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Why women mean business: understanding the emergence of our next economic revolution

Author: Wittenberg-Cox, Avivah ; Maitland, AlisonPublisher: Wiley, 2008.Language: EnglishDescription: 349 p. : Graphs/Ill. ; 22 cm.ISBN: 9780470725085Type of document: BookBibliography/Index: Includes bibliographical references and index List(s) this item appears in: SDG Week 2021
Item type Current location Collection Call number Status Date due Barcode Item holds
Book Asia Campus
Main Collection
Print HD6054 .W58 2008
(Browse shelf)
900185332
Available 900185332
Book Europe Campus
Main Collection
Print HD6054 .W58 2008
(Browse shelf)
001245943
Available 001245943
Book Middle East Campus
Main Collection
Print HD6054 .W58 2008
(Browse shelf)
500002290
Available 500002290
Total holds: 0

Includes bibliographical references and index

Digitized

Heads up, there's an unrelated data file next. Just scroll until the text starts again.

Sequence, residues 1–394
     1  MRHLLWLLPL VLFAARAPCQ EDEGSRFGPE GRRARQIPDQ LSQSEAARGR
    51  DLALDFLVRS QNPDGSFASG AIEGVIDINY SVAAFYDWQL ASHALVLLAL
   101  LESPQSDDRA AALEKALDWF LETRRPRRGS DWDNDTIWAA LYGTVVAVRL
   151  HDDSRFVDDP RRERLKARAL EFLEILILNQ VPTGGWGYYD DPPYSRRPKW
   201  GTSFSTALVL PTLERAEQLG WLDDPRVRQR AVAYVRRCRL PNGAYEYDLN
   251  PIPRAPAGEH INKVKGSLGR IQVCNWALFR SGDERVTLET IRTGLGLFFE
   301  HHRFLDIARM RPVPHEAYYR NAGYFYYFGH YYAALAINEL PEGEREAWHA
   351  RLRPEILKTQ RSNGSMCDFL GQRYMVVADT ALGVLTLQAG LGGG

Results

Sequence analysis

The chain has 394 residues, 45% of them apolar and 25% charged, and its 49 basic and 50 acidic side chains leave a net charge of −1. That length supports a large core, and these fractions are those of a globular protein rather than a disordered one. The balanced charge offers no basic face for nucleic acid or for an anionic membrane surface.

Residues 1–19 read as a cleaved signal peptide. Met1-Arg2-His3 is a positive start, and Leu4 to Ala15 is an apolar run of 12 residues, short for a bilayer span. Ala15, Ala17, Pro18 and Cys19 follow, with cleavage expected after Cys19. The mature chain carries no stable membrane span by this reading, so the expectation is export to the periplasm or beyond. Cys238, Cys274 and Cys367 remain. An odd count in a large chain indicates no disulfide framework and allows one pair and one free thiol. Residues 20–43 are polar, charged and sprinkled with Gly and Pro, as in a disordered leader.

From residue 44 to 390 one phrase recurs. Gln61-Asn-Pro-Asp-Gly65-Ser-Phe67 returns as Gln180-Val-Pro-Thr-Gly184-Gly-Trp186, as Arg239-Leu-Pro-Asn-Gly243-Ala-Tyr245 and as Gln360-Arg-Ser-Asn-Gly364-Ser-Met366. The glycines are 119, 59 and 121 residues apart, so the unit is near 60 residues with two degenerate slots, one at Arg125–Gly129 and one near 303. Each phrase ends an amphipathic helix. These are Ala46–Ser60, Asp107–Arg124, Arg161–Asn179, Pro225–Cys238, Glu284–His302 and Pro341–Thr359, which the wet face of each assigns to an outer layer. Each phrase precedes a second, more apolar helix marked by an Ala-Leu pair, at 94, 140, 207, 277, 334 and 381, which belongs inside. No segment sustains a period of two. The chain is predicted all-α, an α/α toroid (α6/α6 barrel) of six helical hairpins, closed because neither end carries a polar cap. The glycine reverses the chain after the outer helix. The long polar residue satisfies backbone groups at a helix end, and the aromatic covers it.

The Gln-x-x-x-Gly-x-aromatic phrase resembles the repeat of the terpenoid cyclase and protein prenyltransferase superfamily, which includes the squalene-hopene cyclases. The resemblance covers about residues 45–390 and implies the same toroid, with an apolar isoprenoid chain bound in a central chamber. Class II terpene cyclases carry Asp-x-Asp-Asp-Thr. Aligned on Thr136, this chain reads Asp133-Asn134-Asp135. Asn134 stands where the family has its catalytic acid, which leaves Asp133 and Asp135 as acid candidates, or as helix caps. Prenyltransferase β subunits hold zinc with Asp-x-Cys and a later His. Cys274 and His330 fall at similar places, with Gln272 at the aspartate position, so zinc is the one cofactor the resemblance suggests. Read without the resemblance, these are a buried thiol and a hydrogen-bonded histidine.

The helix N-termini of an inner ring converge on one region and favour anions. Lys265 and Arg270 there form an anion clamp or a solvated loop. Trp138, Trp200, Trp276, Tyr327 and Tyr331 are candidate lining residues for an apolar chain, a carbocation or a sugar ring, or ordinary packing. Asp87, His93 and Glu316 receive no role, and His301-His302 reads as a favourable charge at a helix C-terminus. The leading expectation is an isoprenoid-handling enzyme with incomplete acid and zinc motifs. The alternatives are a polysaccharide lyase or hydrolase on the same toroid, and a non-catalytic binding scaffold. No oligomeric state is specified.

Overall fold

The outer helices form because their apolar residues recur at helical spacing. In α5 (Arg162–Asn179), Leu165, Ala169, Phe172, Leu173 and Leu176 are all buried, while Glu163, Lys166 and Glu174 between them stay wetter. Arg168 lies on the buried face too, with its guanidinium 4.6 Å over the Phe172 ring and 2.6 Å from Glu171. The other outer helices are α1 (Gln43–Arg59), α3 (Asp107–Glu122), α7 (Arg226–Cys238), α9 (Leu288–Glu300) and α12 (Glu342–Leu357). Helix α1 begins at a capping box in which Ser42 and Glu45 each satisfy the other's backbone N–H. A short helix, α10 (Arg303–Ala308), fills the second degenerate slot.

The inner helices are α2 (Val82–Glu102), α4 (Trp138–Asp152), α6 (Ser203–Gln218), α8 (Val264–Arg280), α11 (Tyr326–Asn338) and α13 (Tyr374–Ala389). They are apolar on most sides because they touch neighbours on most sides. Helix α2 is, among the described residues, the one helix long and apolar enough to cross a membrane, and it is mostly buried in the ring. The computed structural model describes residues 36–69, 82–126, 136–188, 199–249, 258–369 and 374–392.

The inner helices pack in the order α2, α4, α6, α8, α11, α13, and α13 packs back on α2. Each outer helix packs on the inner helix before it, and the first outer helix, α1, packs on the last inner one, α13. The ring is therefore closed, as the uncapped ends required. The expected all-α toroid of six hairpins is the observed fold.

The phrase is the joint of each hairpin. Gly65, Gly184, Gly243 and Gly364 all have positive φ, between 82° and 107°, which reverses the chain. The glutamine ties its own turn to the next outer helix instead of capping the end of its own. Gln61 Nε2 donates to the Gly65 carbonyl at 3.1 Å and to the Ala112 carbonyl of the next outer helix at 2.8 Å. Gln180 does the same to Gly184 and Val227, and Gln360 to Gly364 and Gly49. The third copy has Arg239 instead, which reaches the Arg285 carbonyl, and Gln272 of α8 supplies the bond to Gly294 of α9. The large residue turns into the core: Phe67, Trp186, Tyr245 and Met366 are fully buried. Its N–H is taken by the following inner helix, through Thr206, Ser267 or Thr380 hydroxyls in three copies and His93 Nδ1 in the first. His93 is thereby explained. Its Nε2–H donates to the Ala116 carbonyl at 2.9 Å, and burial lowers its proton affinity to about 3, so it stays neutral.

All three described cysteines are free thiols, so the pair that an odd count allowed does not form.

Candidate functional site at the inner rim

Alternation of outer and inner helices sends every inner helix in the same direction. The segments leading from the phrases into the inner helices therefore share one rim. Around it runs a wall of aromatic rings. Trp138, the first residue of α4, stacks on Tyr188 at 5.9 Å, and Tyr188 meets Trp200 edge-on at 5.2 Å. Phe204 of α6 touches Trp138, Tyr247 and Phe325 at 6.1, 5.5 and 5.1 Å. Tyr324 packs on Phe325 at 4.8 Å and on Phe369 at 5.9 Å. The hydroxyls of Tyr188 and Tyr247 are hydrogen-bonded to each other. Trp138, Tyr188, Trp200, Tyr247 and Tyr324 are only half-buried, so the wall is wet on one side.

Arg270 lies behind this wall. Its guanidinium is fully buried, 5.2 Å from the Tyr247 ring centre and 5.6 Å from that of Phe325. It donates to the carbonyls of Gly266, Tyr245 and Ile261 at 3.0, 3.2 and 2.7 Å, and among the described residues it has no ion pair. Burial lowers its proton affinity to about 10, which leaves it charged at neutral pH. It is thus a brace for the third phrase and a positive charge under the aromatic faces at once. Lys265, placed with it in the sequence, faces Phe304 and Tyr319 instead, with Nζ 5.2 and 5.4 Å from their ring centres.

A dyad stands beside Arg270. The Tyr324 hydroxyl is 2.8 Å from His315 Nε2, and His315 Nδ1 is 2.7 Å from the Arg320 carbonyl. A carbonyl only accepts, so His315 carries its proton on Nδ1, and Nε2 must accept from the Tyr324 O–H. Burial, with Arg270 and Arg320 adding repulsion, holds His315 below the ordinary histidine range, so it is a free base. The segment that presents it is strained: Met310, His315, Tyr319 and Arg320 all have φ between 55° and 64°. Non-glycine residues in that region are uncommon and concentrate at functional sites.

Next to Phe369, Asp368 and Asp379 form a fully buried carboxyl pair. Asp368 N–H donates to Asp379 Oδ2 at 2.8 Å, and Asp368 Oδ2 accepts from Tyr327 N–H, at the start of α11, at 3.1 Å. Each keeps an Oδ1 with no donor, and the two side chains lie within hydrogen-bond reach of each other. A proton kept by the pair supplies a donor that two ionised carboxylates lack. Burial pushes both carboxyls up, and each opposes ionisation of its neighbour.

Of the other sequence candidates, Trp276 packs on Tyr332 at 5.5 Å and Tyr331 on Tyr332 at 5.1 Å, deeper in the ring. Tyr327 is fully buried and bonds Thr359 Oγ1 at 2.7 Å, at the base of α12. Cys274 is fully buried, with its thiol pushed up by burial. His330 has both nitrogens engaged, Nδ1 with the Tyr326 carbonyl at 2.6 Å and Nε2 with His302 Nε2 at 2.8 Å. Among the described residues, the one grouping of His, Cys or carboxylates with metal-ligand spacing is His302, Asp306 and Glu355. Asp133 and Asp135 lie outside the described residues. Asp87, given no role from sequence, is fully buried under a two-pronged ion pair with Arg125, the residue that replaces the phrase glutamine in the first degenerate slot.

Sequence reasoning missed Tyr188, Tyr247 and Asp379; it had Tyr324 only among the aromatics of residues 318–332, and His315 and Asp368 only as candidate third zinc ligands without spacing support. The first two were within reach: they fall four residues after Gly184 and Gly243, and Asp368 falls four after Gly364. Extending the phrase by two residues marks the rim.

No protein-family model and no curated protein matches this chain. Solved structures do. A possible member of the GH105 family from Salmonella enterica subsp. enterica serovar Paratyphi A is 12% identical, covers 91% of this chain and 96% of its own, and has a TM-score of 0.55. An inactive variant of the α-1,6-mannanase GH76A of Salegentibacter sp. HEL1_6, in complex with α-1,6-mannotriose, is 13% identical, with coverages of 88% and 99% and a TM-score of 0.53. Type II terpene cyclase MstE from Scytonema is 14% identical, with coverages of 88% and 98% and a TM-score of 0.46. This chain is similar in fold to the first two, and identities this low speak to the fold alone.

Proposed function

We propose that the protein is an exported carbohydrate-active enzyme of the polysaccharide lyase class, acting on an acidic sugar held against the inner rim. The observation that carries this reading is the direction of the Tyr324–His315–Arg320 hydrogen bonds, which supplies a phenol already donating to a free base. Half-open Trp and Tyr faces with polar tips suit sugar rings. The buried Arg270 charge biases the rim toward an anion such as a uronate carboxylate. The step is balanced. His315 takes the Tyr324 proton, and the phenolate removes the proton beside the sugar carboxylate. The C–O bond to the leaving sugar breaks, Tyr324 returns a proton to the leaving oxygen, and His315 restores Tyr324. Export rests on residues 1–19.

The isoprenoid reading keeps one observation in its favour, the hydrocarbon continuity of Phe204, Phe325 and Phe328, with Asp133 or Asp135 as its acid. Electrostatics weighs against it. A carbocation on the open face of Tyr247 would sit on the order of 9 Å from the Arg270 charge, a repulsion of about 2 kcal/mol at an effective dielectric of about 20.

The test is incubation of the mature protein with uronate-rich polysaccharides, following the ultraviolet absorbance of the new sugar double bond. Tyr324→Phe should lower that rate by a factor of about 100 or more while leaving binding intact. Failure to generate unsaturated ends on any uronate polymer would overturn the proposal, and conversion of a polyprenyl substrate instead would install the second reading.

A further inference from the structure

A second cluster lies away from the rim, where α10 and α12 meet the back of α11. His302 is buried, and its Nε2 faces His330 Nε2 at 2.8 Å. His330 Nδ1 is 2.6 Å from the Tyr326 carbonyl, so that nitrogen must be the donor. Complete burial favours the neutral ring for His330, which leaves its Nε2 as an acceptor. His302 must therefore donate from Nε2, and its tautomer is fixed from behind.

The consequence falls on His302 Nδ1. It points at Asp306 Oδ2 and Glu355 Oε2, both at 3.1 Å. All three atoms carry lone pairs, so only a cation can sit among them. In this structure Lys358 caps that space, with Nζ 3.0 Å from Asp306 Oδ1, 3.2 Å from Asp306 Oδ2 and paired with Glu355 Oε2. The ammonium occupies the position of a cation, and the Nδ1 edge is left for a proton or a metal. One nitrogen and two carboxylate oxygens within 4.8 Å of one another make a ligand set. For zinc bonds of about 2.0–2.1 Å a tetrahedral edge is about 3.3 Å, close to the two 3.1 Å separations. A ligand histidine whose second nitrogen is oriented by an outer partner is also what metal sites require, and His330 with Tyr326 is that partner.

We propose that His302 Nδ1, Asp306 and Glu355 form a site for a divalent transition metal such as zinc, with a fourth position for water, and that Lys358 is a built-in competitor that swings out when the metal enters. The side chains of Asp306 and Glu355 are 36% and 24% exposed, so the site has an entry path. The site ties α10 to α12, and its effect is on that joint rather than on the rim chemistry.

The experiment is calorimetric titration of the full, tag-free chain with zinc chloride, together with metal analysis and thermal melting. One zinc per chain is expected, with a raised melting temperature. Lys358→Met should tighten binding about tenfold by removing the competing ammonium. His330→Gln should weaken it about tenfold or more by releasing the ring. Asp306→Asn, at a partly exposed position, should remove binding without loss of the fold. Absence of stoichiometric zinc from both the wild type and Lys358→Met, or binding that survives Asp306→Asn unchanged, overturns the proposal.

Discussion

Why Women Mean Business Understanding the Emergence of our Next Economic Revolution Contents Foreword by Niall FitzGerald KBE Preface by Michael Kimmel Acknowledgements CHAPTER ONE: WOMENOMICS Guarantors of growth The strategic side of the gender divide Opportunity cost Valuing difference Becoming "gender-bilingual" Declining demographics is not destiny 21st century forces: weather, women, web CHAPTER TWO: MOST OF THE TALENT The "talent wars" are here Female brainpower Under-used talent The role of business schools Tapping into the pool Recruiting: making women welcome Retaining: structural repairs needed Promoting: return on investment xiii xv xxi I 1 6 9 12 15 18 22 27 28 30 34 36 39 40 44 57 Building better boards Legislating solutions -- the controversial quota CHAPTER THREE: MUCH OF THE MARKET Purchasing power -- beyond parity Female finances Sex and segmentation The many faces of marketing to women Shut-your-eyes Marginalise Specialise Prioritise CHAPTER FOUR: BECOMING "BILINGUAL", WHAT COMPANIES CAN DO A fresh look at traditional approaches to gender Equal and different Diversity dilemmas Recognise that "best" is biased Surprising sectors A new approach to gender Understand the starting point Personalise the conversation Manage the metaphors -- the power of vocabulary and vision The building blocks of bilingualism 1 "Getting it": top management commitment 62 65 73 75 77 85 89 90 93 94 96 I03 103 107 110 113 119 120 120 124 126 130 131 2 Management bilingualism: proactively managing difference 3 Empowering women: the knowledge and networks to succeed 4 Banning bias: identifying and eliminating systemic bias from corporate systems and processes CHAPTER FIVE: SEVEN STEPS TO SUCCESSFUL IMPLEMENTATION Key success factors 1 Awaken your leadership team 2 Define the business case 3 Let people express resistance 4 Make it a business issue, not a women's issue 5 Make changes before making noise 6 Don't mix up the messages 7 Give it a budget, not just volunteers CHAPTER SIX: CULTURE COUNTS, WHAT COUNTRIES CAN DO Making bosses and babies Best and worst: surprising results Imperfect deal in America Continents of contrast Public policy pull, private sector push CHAPTER SEVEN: FIGURING OUT FEMALES What companies need to know about women 134 133 132 141 141 143 148 151 155 162 166 170 183 183 187 199 206 212 223 223 Discomfort with "politics" The conversations that matter Careers are not straight lines Phase 1: ambition Phase 2: culture shock Phase 3: self-affirmation The lure of entrepreneurship Alternative views of "power" Sex, success and the media Change agents on their own terms CHAPTER EIGHT: TOMORROW'S TALENT TRENDS ... TODAY, "WOMEN-FRIENDLY" MEANS "PEOPLE-FRIENDLY" New models of work Fathers count too Technology as enabler The value of "grey" brainpower Making the most of the "Me" generation The future is already here CHAPTER NINE: CONCLUSION, FROM BETTER BUSINESS TO A BETTER WORLD? New voices, new choices New measures of success A challenge for business Index 225 236 238 242 244 252 256 258 259 264 271 273 277 280 285 291 296 301 302 306 309 317

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